It was the best of times, it was the ‘almost worst’ of times. As we approach Labor Day, memories of family traditions fill my mind. It is the joy of the last days of summer vacations and the dread of the start of the school season. It is the tale of two cities. Does this sound familiar to you? With the current surge of Covid cases nationwide, I investigated several perspectives, and here is how I see the recovery emerging:
The Covid variant continues to risk the economies and mindsets, but positive signs of recovery are on the way even though the 2021 event volume is at 37% of 2019 levels.
Recovery Is On The Horizon, but The Climb is Still Steep:
Events have been a successful driver of demand for many destinations, especially attracting overnight visitors. Examining multi-day events with more than 300 attendees through PredictHQ, September event attendance is predicted at 77% of 2019 levels showcasing a positive momentum for the visitor economy across the country. The state fairs, festivals, and concerts are back. The U.S. Open Holiday Weekend Evening sessions are already sold out. September paves the way to an uphill climb; however, this year’s recovery is expected to hit only 37% of 2019 levels.
The Canceled Event Volume Decreases, but Consumers Have Angst:
Overall, 200 million Americans received one dose of vaccination. It was a boost of confidence until the Covid variant hit. With the current surge of Covid cases exceeding 30 daily per 100,000 beginning August 10, 2021, safety rules have started to re-surface. The City and County of Honolulu just announced it will cancel all large gatherings on Oahu. Across the country, canceled event volume with more than 300 attendees represented 8% of all events in September, according to PredictHQ. However, it is lower than July 2021 at 11%. The cancelations are not increasing; it is the consumers’ angst that is on the rise. The Covid search terms across Google rose by three times since the Fourth of July. The uncertainty behind the virus continues to dictate the minds of travelers.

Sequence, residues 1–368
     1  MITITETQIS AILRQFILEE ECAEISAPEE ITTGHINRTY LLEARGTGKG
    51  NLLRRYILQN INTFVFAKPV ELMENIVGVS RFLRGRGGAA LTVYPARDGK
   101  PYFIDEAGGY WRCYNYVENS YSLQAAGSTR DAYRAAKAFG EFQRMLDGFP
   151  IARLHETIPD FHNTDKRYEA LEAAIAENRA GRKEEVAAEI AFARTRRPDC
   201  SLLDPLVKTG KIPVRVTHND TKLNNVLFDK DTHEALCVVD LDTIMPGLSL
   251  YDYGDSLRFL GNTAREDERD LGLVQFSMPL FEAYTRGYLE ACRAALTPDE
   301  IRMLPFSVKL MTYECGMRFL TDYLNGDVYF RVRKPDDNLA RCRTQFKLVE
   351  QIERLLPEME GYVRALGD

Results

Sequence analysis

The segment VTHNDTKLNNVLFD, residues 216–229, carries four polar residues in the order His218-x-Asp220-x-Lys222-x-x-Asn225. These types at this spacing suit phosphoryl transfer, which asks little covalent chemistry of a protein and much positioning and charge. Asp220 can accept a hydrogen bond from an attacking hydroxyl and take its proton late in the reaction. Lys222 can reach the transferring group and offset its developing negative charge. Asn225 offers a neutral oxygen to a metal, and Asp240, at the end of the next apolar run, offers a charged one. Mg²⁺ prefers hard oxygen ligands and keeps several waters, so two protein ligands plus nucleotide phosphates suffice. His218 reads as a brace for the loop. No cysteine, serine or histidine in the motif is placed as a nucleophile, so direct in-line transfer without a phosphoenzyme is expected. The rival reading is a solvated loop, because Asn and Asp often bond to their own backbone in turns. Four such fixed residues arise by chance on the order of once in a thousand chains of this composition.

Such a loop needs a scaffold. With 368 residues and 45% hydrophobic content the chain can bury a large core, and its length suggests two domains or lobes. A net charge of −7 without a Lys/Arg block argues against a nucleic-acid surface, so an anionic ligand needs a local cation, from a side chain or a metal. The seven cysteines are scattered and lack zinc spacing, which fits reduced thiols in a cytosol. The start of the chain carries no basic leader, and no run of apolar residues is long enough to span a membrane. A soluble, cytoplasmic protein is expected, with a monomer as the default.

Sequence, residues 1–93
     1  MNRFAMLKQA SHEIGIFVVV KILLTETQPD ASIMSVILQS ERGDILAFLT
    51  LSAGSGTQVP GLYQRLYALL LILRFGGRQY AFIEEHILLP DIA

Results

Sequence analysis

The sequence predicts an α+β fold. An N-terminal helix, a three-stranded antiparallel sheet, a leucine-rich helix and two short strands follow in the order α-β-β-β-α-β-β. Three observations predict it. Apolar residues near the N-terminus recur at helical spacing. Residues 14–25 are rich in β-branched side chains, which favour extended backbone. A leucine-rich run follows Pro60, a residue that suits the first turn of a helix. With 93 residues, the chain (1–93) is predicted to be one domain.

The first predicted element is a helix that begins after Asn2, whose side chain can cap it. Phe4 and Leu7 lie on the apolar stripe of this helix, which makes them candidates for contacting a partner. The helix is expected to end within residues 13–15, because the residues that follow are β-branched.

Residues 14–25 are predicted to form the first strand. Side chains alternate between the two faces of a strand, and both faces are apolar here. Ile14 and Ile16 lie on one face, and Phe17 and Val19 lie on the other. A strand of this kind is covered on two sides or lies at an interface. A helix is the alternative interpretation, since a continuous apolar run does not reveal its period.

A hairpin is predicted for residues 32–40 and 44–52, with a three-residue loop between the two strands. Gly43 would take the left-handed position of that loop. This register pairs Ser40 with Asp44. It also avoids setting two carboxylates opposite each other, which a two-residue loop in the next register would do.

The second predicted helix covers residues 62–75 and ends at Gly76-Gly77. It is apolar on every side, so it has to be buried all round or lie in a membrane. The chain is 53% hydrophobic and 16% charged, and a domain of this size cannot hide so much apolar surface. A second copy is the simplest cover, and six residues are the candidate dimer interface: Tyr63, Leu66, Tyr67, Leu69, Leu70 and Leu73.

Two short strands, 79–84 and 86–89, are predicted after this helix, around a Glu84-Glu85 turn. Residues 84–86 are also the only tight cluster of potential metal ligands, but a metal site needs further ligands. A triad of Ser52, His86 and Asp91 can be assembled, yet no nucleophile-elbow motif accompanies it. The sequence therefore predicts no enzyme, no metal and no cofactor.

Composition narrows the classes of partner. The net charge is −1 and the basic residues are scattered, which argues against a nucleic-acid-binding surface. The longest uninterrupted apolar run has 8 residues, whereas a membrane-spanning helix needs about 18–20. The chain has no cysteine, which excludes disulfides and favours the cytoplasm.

Unemployment is high, but Labor Shortage is a Reality Changing Both Minds (and Wallets)
The current leisure and hospitality unemployment rate is at 9%, which is higher than the average unemployment rate of 5.7%, according to the Bureau of Labor Statistics July 2021 Jobs Report. Yet, the labor shortage is a real challenge for many small businesses across the country. With the tightening of the labor market, employees have bargaining power. As a result, the leisure and hospitality wages grew by 9.6% over the previous year. The pandemic also allowed time to re-evaluate one’s purpose towards personal, professional, and family ties. It is a shift in priorities of work and life. As Gary Hamel, one of the world’s leading experts on business strategy, once said, “A noble purpose inspires sacrifice, stimulates innovation and encourages perseverance.”